No, tendinosis is not permanent. Because blood supply to tendons is generally more limited, tendinosis will require anywhere from 3 to 6 months to properly heal. A combination of rest and physical therapy exercises have been shown to accelerate this healing process and reduce the risk of further injury.

Is tendonitis or tendinosis worse?

A minority of patients will develop chronic tendinosis that can persist for a longer period of time. By contrast, recovery time for tendinitis is typically closer to six weeks and often improves with simple, at-home treatment. However, it may be misguided to assume that one condition is worse than the other, as both injuries can weaken the tendon, making it more prone to damage in the future. 

What happens if tendinitis is left untreated?

If tendinitis goes untreated, you risk developing chronic tendinosis or causing permanent tendon damage. It is possible to have microscopic tears in the tendon tissue, which can worsen or cause complete rupture. Tendon ruptures are especially painful and often require surgery to repair. [7]

Does tendinitis ever fully heal?

With proper treatment and rehabilitation, patients with tendinitis will typically fully recover within 4 to 6 weeks. In cases of chronic tendinitis, patients may not be able to heal completely as the sheath of tissue surrounding the tendons could have scarred or narrowed. Consequently, range of motion at the joint may be severely affected and could require months of physical therapy to restore its full mobility and stability. [7] 

How to tell if tendinitis is healing?

With tendinitis, all the symptoms come as a result of tendon inflammation. A good indication that your tendinitis is healing is if your symptoms begin to improve. A few examples could include reduced redness, swelling, and pain. If symptoms do persist or worsen, it is recommended you seek medical attention and explore other treatment options with your physician.

Does tendinitis show up on an MRI?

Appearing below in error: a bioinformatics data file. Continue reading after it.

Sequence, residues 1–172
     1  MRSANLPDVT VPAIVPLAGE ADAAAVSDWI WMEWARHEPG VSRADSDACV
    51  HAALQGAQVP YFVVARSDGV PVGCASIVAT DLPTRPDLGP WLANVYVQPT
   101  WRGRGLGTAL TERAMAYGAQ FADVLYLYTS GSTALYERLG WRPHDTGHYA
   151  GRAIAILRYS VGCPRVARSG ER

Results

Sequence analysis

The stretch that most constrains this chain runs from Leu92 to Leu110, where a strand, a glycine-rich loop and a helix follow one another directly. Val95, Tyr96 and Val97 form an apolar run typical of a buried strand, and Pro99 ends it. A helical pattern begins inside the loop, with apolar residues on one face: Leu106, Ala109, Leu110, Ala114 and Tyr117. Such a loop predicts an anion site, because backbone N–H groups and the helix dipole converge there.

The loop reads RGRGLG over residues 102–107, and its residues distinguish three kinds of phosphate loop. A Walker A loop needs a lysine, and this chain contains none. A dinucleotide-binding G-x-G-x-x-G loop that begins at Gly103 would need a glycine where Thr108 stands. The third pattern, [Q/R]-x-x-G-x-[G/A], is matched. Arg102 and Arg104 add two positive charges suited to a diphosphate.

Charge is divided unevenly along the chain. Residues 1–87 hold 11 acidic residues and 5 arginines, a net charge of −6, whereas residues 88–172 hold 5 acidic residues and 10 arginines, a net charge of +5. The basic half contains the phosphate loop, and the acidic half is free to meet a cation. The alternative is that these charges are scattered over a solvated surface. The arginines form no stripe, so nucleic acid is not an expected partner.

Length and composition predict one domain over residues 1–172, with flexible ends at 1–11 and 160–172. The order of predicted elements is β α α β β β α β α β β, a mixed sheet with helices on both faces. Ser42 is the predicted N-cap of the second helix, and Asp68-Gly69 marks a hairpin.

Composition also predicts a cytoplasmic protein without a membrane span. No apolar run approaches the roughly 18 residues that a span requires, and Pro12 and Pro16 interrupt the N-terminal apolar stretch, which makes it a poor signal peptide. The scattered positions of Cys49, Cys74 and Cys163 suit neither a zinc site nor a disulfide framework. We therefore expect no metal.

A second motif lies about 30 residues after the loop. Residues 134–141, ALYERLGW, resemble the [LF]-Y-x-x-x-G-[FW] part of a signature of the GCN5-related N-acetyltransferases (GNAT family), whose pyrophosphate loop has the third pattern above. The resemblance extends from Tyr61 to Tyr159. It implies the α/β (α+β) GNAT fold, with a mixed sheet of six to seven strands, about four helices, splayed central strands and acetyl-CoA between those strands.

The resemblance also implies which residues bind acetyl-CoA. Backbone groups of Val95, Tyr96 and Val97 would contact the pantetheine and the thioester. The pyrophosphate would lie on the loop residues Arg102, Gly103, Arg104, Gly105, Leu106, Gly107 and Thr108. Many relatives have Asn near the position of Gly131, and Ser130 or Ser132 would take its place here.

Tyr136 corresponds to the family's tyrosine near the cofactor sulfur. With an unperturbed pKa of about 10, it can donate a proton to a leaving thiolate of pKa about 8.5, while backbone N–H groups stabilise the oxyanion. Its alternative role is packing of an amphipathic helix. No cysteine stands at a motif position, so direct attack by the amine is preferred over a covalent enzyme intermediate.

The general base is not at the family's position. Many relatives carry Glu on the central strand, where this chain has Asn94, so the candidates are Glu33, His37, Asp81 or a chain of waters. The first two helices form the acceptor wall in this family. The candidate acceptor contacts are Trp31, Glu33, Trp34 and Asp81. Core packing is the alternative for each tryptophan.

Magnetic resonance imaging (MRI) is a non-invasive medical technique that uses magnetic radio waves to create high-resolution images of your organs and tissues. An MRI scan may be useful in identifying tendinitis as it can reveal thickening, dislocations, and tears in the tendon. Additionally, MRIs will help assess the severity of tendinitis.

Can walking cause tendinitis?

Yes. Excessive walking, or any activity that places repeated strain on your Achilles tendon, may contribute to the development of tendinitis. Furthermore, walking in worn-out shoes with poor arch support or limited padding on the heel will increase the risk of inflammation in the tendon. 


  1. Bordoni, Bruno, and Matthew Varacallo. “Anatomy, Tendons.” NCBI, U.S. National Library of Medicine, 7 Feb. 2021, www.ncbi.nlm.nih.gov/books/NBK513237/.
  2. Mayo Clinic Staff. “Tendinitis.” Mayo Clinic, Mayo Foundation for Medical Education and Research, 3 Nov. 2020, www.mayoclinic.org/diseases-conditions/tendinitis/symptoms-causes/syc-20378243.
  3. King, Dominic, and Jason Genin. “Tendinitis or Tendinosis? Why the Difference Is Important, What Treatments Help.” Cleveland Clinic, 7 Aug. 2020, health.clevelandclinic.org/tendinitis-tendinosis-difference-important-treatments-help/.
  4. Athwal, George S. “Biceps Tendinitis.” Edited by Stuart J Fischer and Michael J Wiater, OrthoInfo, American Academy of Orthopaedic Surgeons, Feb. 2016, orthoinfo.aaos.org/en/diseases–conditions/biceps-tendinitis/.
  5. Churgay, Catherine A. “Diagnosis and Treatment of Biceps Tendinitis and Tendinosis.” American Family Physician, 1 Sept. 2009, www.aafp.org/afp/2009/0901/p470.html.
  6. “The Difference Between Rotator Cuff Tears & Shoulder Tendonitis.” Ortho Bethesda, 17 Mar. 2021, www.orthobethesda.com/blog/the-difference-between-rotator-cuff-tears-and-shoulder-tendonitis/.
  7. Wheeler, Tyler. “Understanding Tendinitis — the Basics and Causes.” WebMD, 27 Jan. 2020, www.webmd.com/fitness-exercise/understanding-tendinitis-basics.